Tuesday, November 10, 2015

The Retirement Battle of the Sexes

There's a fascinating new study out from Vanguard looking at the difference in retirement savings habits between men and women. Matching up job tenure between the genders, Vanguard found that women tend to save at greater rates than men, at all income levels.

But they don't have as much retirement savings, for a simple reason: Men make more money. For 2014, the median income for men in the study was $74,590, while for women with equal tenure on the job, it was $56,264.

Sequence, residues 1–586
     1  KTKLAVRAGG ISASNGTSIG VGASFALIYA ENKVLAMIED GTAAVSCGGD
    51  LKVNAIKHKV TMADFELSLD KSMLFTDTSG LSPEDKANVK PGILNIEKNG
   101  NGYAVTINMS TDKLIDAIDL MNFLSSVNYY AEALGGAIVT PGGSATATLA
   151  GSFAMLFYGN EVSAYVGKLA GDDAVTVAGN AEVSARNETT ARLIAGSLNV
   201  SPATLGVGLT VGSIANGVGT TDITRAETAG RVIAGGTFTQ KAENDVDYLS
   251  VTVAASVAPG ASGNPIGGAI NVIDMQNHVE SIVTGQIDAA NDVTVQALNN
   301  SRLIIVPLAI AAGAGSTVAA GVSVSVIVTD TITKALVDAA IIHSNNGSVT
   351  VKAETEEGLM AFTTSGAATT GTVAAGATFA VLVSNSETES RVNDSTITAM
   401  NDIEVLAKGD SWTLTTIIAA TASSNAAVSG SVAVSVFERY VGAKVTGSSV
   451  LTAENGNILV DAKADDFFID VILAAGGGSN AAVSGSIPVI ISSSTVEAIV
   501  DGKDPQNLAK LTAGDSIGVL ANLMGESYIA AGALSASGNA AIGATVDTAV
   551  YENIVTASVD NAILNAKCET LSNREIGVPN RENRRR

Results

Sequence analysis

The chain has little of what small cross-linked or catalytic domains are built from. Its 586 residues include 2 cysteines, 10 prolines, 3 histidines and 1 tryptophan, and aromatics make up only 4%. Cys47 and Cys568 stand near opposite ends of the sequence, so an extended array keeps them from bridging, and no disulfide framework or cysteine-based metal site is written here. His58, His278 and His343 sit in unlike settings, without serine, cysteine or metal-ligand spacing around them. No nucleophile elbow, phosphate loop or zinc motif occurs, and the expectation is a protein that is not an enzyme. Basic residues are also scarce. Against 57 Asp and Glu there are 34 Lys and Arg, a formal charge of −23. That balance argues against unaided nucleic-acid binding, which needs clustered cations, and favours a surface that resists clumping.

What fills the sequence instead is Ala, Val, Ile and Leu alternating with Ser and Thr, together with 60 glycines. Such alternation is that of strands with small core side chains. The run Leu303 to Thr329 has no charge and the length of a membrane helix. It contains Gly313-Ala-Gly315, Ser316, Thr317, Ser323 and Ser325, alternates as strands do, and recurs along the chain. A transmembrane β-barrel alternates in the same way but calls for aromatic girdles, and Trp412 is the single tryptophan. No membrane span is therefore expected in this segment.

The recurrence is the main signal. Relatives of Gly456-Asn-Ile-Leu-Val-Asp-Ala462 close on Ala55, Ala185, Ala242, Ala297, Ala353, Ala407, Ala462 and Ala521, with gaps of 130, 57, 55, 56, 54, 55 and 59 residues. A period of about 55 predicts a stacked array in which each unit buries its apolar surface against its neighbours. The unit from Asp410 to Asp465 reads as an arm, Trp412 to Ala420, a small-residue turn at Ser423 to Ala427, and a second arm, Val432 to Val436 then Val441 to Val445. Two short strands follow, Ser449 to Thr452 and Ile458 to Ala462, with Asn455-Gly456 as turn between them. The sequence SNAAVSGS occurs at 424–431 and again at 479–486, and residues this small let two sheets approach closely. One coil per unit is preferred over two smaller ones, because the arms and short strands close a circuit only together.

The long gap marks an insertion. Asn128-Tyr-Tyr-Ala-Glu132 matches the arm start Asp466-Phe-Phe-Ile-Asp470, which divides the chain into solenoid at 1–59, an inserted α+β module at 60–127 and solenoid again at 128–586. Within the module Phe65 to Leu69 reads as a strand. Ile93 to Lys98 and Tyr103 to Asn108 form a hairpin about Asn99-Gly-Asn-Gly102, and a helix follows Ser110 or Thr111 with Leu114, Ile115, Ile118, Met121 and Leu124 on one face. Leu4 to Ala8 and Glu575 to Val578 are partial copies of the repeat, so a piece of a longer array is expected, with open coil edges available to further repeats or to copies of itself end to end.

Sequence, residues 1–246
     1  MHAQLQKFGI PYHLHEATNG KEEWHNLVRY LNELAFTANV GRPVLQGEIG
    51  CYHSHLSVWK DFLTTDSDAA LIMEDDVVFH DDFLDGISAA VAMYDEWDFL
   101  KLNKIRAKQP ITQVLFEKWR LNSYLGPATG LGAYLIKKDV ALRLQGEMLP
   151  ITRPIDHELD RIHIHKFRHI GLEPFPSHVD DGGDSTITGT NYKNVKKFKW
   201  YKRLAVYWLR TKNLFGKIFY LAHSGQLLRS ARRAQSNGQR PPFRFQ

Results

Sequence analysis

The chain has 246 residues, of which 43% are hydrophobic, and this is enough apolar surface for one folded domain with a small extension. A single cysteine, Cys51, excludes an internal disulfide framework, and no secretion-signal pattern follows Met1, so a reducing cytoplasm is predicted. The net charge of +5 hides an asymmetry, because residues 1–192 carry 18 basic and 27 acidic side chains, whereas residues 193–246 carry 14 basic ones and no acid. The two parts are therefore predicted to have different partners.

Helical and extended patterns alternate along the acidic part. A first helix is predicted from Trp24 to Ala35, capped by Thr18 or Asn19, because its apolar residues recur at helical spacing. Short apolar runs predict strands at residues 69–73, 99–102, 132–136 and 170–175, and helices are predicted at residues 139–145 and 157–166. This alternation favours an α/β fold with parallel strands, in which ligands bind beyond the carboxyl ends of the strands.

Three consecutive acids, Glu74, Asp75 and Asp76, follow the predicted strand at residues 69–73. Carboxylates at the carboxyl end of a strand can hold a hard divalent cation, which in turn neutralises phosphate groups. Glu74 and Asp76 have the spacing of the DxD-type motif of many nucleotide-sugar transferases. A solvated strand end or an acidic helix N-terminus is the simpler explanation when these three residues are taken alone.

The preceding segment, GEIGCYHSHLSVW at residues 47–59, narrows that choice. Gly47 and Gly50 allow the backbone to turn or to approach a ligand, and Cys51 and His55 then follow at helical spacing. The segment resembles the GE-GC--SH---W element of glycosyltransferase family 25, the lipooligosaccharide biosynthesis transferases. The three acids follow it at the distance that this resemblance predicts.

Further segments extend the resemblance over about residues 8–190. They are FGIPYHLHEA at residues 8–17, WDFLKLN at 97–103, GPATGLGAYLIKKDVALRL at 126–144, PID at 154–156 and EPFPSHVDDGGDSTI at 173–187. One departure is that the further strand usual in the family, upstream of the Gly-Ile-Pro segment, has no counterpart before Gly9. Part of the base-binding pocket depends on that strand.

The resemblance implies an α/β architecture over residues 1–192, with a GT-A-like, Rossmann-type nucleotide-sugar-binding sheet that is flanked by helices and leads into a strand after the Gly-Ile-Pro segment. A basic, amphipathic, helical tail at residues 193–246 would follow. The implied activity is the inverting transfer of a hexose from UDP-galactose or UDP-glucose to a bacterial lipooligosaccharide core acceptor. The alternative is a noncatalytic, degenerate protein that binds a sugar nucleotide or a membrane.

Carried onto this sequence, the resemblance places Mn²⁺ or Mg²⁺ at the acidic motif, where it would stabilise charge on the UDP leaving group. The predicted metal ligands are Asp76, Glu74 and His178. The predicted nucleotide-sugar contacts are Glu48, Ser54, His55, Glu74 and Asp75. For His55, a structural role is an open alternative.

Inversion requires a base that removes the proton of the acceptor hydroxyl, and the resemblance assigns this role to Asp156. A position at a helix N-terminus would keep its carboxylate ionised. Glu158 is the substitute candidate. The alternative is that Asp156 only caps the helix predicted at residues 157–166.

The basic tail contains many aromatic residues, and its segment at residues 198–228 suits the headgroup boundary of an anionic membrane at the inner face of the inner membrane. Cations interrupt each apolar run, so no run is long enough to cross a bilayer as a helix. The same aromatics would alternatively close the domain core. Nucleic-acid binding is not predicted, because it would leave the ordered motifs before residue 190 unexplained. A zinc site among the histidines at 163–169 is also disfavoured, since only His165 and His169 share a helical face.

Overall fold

The result is that despite the higher savings rate, women had a median retirement account balance of $24,446, while men had $36,875, a difference of about 34 percent. This is despite the fact that women and men tend to have very similar portfolios, taking similar amounts of risk with their investments. 

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